Thermometers @ Amazon|
- Check out the digital ear thermometers (eg the Braun High Speed Thermoscan), the Grobag Egg (for room temperature), clinical digital thermometers, nursery and bath thermometers, dummy thermometers and no touch forehead thermometers.
The Galileo Thermometer
Galileo thermometers were originally one of the first types of thermometer ever invented - they were invented by Galileo Galilei in 1593. are available in a range of sizes (see adjacent photo). They consist of an enclosed glass vessel that contains water, in which are suspended weights. These weights are themselves sealed glass containers containing different coloured liquids, and the temperature they represent hangs beneath.
As the temperature changes, the density of the liquid changes and the weights rise or fall to reach the position where the density within them is equal to that of their surroundings. The current room temperature is given by the disc attached to the lowest weight in the upper part of the thermometer. In the picture to the left, the weight is displaying a temperature of 20°C.
Galileo thermometers are available in a range of sizes and make an attractive conversation piece. They can be bought online from Otherland Toys in the UK.
The Alcohol and Mercury Thermometers
The alcohol thermometer was invented by a German, Daniel Gabriel Fahrenheit in 1709, and he followed this by inventing the mercury thermometer in 1714. These types of thermometer consist of a sealed glass tube with a bulb of liquid at one end (either mercury or alcohol) and a scale up the side of the tube. When the temperature rises, the liquid expands and the top of the liquid reaches further up the tube, where the current temperature can be read.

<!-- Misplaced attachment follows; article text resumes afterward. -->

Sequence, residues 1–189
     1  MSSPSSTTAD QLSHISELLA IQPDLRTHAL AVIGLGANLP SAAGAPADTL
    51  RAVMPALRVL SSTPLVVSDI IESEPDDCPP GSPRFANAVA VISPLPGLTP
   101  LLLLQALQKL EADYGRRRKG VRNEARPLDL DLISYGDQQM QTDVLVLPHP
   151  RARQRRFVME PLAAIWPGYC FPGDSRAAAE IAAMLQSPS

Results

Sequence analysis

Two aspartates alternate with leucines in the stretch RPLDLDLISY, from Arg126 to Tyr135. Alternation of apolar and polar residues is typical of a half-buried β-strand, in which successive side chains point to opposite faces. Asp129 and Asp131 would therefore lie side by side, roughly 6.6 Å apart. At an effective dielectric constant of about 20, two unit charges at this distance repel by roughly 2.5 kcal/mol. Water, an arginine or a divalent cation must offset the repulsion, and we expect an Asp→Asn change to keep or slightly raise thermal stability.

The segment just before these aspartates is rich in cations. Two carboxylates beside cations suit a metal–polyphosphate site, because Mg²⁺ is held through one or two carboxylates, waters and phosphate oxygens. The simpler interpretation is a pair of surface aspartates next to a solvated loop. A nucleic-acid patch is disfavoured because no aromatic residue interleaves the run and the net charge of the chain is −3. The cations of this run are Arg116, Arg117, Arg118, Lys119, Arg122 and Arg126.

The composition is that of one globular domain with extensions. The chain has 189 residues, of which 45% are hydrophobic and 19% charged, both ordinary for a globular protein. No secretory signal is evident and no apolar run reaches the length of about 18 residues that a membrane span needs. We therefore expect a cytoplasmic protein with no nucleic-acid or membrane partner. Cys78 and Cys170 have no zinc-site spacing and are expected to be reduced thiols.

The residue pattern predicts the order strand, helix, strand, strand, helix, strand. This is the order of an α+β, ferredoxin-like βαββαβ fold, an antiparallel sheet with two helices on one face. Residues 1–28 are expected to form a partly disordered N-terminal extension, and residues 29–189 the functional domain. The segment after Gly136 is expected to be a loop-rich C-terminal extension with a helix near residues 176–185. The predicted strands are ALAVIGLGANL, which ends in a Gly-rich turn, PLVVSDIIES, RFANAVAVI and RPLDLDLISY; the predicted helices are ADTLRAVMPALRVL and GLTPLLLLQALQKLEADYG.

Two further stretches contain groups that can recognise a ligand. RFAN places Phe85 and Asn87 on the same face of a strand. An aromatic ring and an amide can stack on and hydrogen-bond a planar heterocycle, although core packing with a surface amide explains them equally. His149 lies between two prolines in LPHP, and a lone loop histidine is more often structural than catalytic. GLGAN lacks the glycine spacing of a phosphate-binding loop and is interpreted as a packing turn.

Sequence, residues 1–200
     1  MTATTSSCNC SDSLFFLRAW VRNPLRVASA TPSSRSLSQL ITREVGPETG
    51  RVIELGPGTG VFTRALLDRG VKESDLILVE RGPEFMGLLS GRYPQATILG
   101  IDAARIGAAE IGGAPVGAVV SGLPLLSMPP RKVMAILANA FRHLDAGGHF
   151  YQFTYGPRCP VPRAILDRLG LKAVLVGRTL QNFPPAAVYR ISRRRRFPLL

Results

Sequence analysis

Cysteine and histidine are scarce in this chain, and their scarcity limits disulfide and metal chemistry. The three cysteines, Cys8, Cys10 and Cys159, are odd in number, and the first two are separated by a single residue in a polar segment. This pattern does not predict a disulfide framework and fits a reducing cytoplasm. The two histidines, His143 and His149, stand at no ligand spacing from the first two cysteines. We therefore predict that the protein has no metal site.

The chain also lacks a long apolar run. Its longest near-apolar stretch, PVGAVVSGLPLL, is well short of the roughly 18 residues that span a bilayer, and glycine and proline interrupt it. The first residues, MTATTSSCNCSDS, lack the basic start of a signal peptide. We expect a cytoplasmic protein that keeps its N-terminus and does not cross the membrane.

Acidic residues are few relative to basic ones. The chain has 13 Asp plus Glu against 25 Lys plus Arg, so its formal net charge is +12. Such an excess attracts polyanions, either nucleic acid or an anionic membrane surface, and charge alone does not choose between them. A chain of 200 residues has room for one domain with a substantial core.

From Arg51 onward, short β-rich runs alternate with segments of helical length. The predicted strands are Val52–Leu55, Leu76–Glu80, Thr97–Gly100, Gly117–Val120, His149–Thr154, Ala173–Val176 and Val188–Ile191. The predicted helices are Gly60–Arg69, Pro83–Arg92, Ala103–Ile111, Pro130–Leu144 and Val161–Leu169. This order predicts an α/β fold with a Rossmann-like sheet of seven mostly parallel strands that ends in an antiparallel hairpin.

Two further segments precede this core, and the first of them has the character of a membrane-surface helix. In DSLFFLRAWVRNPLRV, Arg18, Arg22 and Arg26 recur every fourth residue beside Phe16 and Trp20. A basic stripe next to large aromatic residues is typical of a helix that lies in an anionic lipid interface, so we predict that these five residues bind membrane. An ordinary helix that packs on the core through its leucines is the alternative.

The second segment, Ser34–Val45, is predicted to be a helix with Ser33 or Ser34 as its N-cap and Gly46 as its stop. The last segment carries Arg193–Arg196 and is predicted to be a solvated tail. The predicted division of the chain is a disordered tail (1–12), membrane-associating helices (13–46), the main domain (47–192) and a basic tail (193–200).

LCD and Digital Thermometers
These are the most modern thermometers in use today. The LCD versions are typically flat and change colour to the show the temperature within a limited range. They are ideal for sticking onto the side of aquariums, for example.
The digital versions measure temperature quickly and accurately, and give the temperature as a read out on an LCD screen. They need batteries to operate.
Fahrenheit and Celcius
In 1724, Daniel Gabriel Fahrenheit introduced the Fahrenheit scale for measuring temperature. However, later in the eighteenth century, in 1742, a Swede, Anders Celsius, invented a scale for measuring temperature where the point 0°C is the freezing point of water, and the 100°C point is the boiling point of water. There are therefore 100 degrees between the freezing and boiling points of water. The Celcius scale is also known as the centigrade scale.
The Kelvin scale was invented by Lord William Thomson Kelvin in 1848. This scales follows the Celcius scale linearly, but zero on the Kelvin scale is absolute zero - the theoretical lowest temperature possible. This is given as -273.15°C. Although this temperature is theoretically impossible to reach, in practice temperatures very close to this have been measured. At absolute zero, molecules have no energy or movement - this changes the properties of certain materials, eg some metals lose their resistance and become become superconductors.
- Thermometers for all requirements, including food and fridge thermometers; infra red, digital, room and shop thermometers; oven, bath, heating, air conditioning, plumbing and garden thermometers; together with a range of pond and aquarium thermometers. Also LCD thermometers that can be stuck on eg to a fish tank or a wine bin.